Finding the shortest paths on surfaces by fast global approximation precise local refinement

Ron Kimmel*, Nahum Kiryati

*Corresponding author for this work

Research output: Contribution to journalArticlepeer-review


Finding the shortest path between points on a surface is a challenging global optimization problem. It is difficult to devise an algorithm that is computationally efficient, locally accurate and guarantees to converge to the globally shortest path. In this paper a two stage coarse-to-fine approach for finding the shortest paths is suggested. In the first stage the algorithm of Ref. 10 that combines a 3D length estimator with graph search is used to rapidly obtain an approximation to the globally shortest path. In the second stage the approximation is refined to become a shorter geodesic curve, i.e., a locally optimal path. This is achieved by using an algorithm that deforms an arbitrary initial curve ending at two given surface points via geodesic curvature shortening flow. The 3D curve shortening flow is transformed into an equivalent 2D one that is implemented using an efficient numerical algorithm for curve evolution with fixed end points, introduced in Ref. 9.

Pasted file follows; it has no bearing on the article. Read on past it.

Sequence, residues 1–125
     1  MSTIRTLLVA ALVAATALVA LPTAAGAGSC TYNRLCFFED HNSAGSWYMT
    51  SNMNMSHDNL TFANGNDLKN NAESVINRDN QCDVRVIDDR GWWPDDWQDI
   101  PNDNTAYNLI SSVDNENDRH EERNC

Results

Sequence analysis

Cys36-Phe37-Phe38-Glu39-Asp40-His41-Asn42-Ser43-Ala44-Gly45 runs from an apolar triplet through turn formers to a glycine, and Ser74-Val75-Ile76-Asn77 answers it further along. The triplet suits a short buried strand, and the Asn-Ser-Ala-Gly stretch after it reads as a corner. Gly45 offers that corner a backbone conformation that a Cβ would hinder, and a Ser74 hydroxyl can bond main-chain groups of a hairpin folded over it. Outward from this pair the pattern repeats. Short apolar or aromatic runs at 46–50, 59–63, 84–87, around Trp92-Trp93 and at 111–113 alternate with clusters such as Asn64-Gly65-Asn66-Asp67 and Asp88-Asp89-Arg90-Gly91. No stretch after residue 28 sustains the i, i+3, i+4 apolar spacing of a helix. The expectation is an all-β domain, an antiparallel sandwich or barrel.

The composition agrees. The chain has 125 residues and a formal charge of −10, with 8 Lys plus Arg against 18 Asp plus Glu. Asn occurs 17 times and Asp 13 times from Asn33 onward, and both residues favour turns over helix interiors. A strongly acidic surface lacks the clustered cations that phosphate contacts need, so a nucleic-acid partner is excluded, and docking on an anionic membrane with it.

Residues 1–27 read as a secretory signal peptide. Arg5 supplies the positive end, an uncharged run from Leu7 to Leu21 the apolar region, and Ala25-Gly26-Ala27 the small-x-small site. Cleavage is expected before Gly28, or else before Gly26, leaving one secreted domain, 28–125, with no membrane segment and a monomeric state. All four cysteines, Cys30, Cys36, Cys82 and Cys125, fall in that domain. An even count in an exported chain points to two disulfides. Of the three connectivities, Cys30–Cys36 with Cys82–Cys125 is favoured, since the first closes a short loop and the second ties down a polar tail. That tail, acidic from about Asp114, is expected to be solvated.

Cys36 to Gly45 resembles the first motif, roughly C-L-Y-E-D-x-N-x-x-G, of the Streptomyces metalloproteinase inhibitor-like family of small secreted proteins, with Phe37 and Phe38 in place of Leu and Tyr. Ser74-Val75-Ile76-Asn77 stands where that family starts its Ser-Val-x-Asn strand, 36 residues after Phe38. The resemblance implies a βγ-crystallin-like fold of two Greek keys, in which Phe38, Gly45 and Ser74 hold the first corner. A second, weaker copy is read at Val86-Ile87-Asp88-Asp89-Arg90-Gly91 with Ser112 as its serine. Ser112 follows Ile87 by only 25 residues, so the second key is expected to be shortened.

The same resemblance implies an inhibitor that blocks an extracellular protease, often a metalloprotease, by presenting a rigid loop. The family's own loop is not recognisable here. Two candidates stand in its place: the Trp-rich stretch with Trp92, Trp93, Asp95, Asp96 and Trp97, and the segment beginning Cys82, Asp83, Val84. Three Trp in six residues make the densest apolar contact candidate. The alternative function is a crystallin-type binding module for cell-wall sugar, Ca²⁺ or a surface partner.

Original languageEnglish
Pages (from-to)643-656
Number of pages14
JournalInternational Journal of Pattern Recognition and Artificial Intelligence
Issue number6
StatePublished - Sep 1996
Externally publishedYes


  • Curve evolution
  • Geodesic curvature flow
  • Graph search
  • Minimal geodesic
  • Path planning
  • Shortest paths


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